Elegantly provocative in characteristic fashion, the first volume of Lars von Trier’s much-discussed Nymphomaniac finds the battered central Joe (Charlotte Gainsbourg) in the caring hands of passerby savior Seligman (Stellan Skarsgard), the latter of whom effectively prompting his guest to divulge the beginnings of her downward spiral in unfettered nymphomania. Determinedly self-deprecating in her agreeable opinion of herself, Joe recalls her youth and teenage years as her addiction’s severity visibly increases from one escapade to the next.
In peeling back the tarnished physical and psychological layers of such an affected individual, von Trier does so with predictable panache as Joe irons out the details of her exploits and subsequent motives in sating her sexual appetite. Shot through with an air of engagement brought about by von Trier’s singular creative flair, each chronicled encounter is particularly strong as key individuals and an admirable wraparound arc involving Shia LaBeouf’s Jerome are well-implemented.
Despite the suggested simplicity of the film’s title, Nymphomaniac: Volume I‘s beauty is in its presentation and air of artistic intelligence. As Seligman draws appropriate if occasionally silly parallels to things ranging from fly fishing to Fibonacci, a special combination of base-level entertainment, dark humor and thought-provoking, moreover sexually-inclined substance comes full circle. Even though said sex is front and center when it matters and as graphic as you’ve heard, the unflinching presentation provides an appropriate rawness that should very well coincide with an affliction such as Joe’s.
While not quite a contemporary masterpiece, von Trier’s first half of his latest opus is agreeably close to earning the brand. As it assuredly won’t make new fans out of his preexisting detractors, Nymphomaniac: Volume I is nonetheless a bitingly incisive and singularly passion-infused character study worthy of praise. Remaining uncomfortable as it should be as it rarely falters in the realm of sheer gifted filmmaking, the script’s involving chapter-divided structure never ceases to impress as it deconstructs both the individual and her sickness at its core.
300‘s ability to target and subsequently enthrall a particular demographic is uncanny beyond the word’s definition. Based on the titular and historically inaccurate graphic novel by Frank Miller, Zack Snyder wholeheartedly employed his then creative singularity in a manner that delivered exactly what viewers anticipated and received. This in mind, said film capitalized enough on its testosterone-heavy strengths to warrant a sequel, even if such a follow-up somehow rings even more exploitative, hollow and lazy than its predecessor in nearly every aspect.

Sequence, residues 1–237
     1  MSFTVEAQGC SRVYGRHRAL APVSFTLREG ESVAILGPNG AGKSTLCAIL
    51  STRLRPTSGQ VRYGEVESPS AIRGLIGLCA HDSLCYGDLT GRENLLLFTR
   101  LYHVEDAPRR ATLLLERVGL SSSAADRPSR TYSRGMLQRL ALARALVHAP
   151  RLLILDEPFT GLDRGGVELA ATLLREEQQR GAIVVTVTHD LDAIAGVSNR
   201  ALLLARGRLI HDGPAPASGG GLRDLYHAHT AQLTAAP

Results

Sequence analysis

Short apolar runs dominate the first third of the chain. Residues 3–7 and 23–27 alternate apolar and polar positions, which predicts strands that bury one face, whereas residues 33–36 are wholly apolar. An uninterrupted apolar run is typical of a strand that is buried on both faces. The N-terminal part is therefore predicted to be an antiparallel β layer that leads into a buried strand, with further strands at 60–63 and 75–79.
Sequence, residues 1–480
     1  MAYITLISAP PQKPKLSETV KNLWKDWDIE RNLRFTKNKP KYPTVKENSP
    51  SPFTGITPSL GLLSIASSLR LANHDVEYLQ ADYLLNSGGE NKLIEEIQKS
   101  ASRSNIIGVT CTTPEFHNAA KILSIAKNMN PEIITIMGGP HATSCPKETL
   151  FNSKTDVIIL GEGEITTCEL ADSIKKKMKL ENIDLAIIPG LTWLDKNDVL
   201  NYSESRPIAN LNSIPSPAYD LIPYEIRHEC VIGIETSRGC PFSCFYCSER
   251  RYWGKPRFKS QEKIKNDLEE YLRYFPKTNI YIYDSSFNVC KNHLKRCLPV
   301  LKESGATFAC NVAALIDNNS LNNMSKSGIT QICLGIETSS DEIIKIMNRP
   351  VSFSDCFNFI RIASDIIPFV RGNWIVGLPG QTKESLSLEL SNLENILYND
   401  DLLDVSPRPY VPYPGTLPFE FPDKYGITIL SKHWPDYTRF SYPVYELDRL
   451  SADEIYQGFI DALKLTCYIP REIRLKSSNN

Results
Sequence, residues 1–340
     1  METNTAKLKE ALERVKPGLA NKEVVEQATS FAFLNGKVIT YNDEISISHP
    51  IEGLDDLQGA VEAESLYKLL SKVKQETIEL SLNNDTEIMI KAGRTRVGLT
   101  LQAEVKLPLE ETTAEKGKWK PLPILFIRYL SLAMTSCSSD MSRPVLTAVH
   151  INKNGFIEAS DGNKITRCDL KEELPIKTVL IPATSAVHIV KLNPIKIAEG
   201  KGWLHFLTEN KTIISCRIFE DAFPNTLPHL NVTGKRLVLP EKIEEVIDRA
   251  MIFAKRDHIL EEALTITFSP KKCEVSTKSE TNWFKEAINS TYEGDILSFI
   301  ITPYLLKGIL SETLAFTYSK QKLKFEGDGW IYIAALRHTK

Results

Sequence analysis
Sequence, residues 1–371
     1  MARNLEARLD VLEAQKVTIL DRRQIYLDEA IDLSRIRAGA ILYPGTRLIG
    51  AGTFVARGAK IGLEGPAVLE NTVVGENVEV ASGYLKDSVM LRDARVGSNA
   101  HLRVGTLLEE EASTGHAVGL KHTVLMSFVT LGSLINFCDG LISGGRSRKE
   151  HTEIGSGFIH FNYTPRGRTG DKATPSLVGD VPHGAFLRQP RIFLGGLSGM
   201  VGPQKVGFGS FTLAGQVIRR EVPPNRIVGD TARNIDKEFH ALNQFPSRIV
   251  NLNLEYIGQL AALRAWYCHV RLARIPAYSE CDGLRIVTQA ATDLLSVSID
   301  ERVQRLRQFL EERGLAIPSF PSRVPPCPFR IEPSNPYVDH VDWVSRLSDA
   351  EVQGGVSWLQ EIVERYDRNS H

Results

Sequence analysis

As its narrative embraces the considerably less impressive endeavors of the Athenian Themistokles (Sullivan Stapleton), the proceedings do little to engage outside of doing what they do best – bleed blood. Bordering on absurd excess, “style over substance” can’t quite explain away the amount of over-stylized, dismemberment-heavy gratuitousness that plagues the production. Sure, entering the theater expecting anything other than what I just described would be silly, what with narrative poignancy predictably taking a backseat to it all, however the overt blandness of director Murro’s mimicry is too hard to ignore.
Bathed in a visual cohesiveness reminiscent of its roots as it remains glaringly ineffective, impressionability is virtually nonexistent despite Rise of an Empire‘s best intentions. Instead, ineffectual camp laces every bit of dialogue and exchange as jabs at shock value prioritize themselves over meaningfulness. Granted, the exercise as a whole is meant to instill within its audience a sense of pretentious nostalgia, more specifically one of action-oriented note, however nothing the film showcases is particularly engaging.
Unfortunately, I find it almost impossible to recommend this long-gestating follow-up to the largely beloved blood-bathed blockbuster. While fans of the original’s visual prowess will undoubtedly appreciate what’s presented, the blatantly unfettered recreation of Snyder’s approach coupled with an especially uninteresting central storyline is a bit unbearable. For what it’s worth, Rise of an Empire is a basally entertaining visual effects showcase but, let’s face it, you already knew that it would be. It’s exactly what you’d expect it to be, and as for the purposeful 3D implementation, well, it’s nothing to write home about.